Inequality in action: entitlement and estimated time of arrival request in emergency calls

In this study an inductive approach is taken to analysing emergency calls from a government operated emergency medicine call centre in the Western Cape, South Africa. This ethnomethodologically informed study’s analytic approach is that of conversation analysis and membership categorisation analysis. During analysis specific attention is paid to the ending sequence of calls and in particular asymmetries in displays of entitlement in the context of estimated time of arrival (ETA) requests in the emergency calls. I answer two research questions; i) how do callers display entitlement through ETA requests in emergency calls? and ii) how are social asymmetries displayed in ETA requests in emergency calls? Nine excerpts are analysed in detail to demonstrate systematic interactional machinery at play. Asymmetries in entitlement are found to be collaborative accomplishments of the participants in the calls and may serve as a mechanism for reproducing material inequalities in everyday interaction. For developing nations, where there is severe material inequality, inequality can be understood to be an institutional structure that not only affects the material existence of members of society but the everyday interactions society members engage in.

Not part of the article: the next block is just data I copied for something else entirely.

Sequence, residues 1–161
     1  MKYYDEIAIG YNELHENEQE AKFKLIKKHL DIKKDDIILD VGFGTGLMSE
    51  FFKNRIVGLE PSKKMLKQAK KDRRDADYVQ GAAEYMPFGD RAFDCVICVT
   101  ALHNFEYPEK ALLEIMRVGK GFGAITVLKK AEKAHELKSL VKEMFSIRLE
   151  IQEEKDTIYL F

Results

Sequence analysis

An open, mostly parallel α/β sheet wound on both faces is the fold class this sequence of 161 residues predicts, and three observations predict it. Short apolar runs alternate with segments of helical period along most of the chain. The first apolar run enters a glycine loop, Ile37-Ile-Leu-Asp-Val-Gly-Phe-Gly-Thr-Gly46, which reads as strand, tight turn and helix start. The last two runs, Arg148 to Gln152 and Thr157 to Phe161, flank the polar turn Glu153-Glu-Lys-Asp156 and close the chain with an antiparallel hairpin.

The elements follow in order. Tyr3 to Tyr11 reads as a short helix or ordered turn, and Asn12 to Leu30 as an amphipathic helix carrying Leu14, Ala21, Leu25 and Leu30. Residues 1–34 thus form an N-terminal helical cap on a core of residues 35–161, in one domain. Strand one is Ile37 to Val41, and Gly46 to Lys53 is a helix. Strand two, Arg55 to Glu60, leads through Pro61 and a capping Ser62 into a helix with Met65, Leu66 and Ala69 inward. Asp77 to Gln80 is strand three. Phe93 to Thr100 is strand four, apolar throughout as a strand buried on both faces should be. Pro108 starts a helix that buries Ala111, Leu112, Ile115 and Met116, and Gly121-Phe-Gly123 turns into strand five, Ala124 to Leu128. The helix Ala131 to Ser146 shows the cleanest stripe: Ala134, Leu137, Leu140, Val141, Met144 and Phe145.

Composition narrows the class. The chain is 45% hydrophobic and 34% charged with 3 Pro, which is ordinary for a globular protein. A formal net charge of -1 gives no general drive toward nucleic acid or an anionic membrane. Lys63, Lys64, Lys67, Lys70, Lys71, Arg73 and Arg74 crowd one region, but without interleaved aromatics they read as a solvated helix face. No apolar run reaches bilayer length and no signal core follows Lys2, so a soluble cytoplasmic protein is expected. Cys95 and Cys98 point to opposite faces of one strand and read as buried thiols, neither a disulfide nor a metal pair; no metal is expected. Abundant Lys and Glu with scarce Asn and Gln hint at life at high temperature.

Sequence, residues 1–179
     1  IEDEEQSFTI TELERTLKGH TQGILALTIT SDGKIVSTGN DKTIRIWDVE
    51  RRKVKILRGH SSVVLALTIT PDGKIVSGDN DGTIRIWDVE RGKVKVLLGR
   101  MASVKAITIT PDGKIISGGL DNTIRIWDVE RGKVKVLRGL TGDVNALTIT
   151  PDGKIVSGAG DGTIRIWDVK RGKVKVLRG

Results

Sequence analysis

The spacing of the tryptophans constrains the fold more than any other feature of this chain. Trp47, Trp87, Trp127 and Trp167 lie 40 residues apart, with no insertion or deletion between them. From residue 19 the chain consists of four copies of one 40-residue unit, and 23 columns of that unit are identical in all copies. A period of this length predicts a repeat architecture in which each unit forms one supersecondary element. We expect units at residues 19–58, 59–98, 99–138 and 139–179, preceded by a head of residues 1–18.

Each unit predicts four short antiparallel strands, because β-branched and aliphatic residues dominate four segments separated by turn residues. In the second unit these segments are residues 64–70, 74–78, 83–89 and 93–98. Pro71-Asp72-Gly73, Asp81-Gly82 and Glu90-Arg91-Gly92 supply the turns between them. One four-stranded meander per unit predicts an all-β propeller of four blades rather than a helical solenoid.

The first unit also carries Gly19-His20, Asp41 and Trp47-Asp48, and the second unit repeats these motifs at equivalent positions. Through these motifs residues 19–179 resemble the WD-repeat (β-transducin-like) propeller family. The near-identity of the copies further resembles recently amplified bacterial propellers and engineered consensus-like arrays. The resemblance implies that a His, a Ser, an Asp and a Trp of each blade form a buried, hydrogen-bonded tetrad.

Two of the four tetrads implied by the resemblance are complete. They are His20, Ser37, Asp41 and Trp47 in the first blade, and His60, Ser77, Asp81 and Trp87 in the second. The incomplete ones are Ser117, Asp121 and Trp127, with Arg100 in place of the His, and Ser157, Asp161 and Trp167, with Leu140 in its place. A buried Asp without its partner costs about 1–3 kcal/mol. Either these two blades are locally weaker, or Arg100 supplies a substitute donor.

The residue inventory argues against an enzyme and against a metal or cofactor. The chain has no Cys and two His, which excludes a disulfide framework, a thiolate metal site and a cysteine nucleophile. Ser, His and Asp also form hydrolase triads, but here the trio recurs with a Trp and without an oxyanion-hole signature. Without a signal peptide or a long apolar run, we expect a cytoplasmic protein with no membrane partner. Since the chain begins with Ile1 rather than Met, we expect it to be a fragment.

This research report is submitted to the Faculty of Humanities, University of the Witwatersrand, Johannesburg, in partial fulfilment of the degree of Masters of Arts in Research Psychology by Dissertation and Coursework.